Practical Life / Activities of Everyday Living:

Practical Life is very important in Montessori education. Care for the person, the environment, and common courtesy are taught in this section of Montessori.  The child learns to care for their own being by learning to dress, groom, and prepare snack. They learn to care for the environment by cleaning, washing clothes, and gardening. They learn common courtesy by walking carefully, carrying objects properly, and using good manners. Practical skills such as pouring, using a spoon, folding, using tools, cutting, and beading are all included in the Practical Life section of Montessori. All Practical Life works help the child practice hand-eye coordination, gross and fine motor skills, and daily functions. In perfecting these skills the child forms self-confidence, concentration, and a sense of order.

 

Sensorial:

The Sensorial curriculum in Montessori education focuses on the exploration and understanding of a child’s environment. Sensorial materials are designed to isolate each sense, so children can work independently to organise and understand their work without the fear of failure. The senses the child will refine by using the sensorial materials during a sensitive period are visual, tactile, auditory, gustatory, olfactory, baric, thermic, and stereognostic. Sensorial works also prepare a child for math, geometry, language, writing, and logical thinking.

 

Language / Literacy:

Every lesson in Language is presented in order from left to right, giving the child an early concept of reading and writing. Expanding their vocabulary will increase their understanding of the world around them. After learning simple language works that teach order, the child will start to learn sounds using the Sandpaper Letters. The child will then start to hear different sounds in words using the object boxes, which help children build on their foundation of vocabulary, and allow them to hear the initial sounds in different words. The child will then learn to identify the ending sounds, and middle sounds in simple CVC (consonant, vowel, consonant) words. The next step in the process of language is learning how to spell and read simple CVC words. When a child can read, grammar is introduced starting with the noun, and moving on to articles, adjectives, verbs, prepositions etc. Language is a process of learning that starts out very simple and concrete, and advances to more abstract thinking.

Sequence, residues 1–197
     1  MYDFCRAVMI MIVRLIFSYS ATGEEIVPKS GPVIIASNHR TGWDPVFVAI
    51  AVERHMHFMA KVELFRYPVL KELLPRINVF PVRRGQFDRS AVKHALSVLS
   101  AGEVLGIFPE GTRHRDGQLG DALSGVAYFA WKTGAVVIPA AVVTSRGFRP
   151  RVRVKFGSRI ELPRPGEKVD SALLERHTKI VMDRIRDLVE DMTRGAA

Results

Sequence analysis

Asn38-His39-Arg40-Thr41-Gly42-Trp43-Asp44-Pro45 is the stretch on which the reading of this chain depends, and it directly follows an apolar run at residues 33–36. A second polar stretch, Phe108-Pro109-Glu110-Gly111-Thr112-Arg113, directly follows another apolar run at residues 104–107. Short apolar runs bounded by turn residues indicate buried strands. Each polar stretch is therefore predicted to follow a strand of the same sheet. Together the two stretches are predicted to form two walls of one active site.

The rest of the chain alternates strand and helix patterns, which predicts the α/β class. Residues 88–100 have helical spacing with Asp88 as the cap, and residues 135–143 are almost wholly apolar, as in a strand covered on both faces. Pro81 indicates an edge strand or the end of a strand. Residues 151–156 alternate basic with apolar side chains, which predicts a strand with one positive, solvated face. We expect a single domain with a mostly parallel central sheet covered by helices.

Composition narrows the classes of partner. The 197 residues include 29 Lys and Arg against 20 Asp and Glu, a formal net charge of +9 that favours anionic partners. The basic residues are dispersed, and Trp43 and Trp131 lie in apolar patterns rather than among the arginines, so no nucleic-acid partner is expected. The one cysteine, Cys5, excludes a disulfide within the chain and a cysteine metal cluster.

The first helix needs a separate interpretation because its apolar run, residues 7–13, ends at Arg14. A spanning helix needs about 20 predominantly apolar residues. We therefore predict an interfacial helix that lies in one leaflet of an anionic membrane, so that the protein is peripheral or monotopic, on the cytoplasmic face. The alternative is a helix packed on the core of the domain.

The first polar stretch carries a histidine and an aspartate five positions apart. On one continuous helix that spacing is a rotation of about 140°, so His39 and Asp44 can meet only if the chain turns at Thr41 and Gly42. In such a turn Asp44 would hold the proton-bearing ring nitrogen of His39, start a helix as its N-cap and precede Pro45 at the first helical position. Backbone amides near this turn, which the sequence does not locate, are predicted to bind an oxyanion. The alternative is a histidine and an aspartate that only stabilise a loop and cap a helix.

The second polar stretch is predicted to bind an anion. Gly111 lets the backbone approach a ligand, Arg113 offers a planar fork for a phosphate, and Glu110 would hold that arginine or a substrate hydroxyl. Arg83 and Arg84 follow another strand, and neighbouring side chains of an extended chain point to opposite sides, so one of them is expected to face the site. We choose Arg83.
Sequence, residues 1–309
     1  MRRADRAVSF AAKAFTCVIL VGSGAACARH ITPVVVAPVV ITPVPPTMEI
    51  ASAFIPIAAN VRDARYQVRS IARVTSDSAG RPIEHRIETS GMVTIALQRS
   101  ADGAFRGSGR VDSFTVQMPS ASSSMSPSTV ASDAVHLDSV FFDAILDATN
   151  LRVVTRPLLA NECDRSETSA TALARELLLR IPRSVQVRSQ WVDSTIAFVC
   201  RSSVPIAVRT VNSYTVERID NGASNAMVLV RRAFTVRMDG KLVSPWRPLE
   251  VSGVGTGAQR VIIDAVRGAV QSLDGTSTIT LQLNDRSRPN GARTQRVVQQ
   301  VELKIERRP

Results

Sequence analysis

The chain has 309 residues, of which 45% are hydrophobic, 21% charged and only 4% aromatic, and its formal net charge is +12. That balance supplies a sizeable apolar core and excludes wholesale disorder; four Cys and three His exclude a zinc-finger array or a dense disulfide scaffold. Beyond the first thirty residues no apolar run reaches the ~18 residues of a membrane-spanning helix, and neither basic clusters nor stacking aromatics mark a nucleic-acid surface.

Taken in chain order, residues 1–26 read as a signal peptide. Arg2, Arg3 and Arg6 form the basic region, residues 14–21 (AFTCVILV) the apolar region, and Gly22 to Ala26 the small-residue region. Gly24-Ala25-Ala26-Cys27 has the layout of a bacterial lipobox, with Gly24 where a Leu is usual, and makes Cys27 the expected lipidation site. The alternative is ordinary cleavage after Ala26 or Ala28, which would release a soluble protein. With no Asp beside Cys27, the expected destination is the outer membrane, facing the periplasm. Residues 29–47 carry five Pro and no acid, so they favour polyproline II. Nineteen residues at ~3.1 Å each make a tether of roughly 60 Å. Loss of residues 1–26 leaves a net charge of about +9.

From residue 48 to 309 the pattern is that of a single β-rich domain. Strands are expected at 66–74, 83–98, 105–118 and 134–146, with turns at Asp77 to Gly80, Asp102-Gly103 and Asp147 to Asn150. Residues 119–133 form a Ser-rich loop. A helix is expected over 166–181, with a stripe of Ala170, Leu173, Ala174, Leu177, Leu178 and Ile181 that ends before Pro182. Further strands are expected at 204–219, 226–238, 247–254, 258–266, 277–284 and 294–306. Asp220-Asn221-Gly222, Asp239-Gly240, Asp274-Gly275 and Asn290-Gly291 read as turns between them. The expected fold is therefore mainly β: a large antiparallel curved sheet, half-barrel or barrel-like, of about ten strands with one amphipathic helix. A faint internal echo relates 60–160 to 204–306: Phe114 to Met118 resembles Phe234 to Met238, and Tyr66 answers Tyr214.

Maths / Numeracy:

Practical Life and Sensorial materials provide a strong foundation for mathematics.  The knowledge gained from both these subjects carries over into the Montessori Math curriculum, where a child is able to discover math with a hands-on approach. Arithmetic, Algebra, and Geometry are all incorporated to edify each other, and allow a child to physically manipulate the material in order to form a concrete understanding of math, and make it easier to understand more abstract concepts.

 

Culture / Knowledge and Understanding of the World:

Biology in the Montessori curriculum includes activities that allow a child to experiment and observe plants and animals. The child will learn what plants and animals need, how they change, and how they are classified. A Montessori environment allows the child to be very hands-on, and encourages the child to be outdoors to explore and make scientific observations.

Geography in the Montessori curriculum gives the child an understanding of the world, and the places and cultures not seen everyday by the child. The map of the world gives the child a visual concept of the earth, and how the water and land are divided. The maps allow the child to explore and name the continents, oceans, countries, and states on the earth. The Land and Water Form trays allow the child to pour water into a cavity and see the creation they made, name it and identify it with natural land and water forms. Geography is very abstract, so to have a model available to physically hold and trace, or pour water into makes learning about the world more concrete and fun.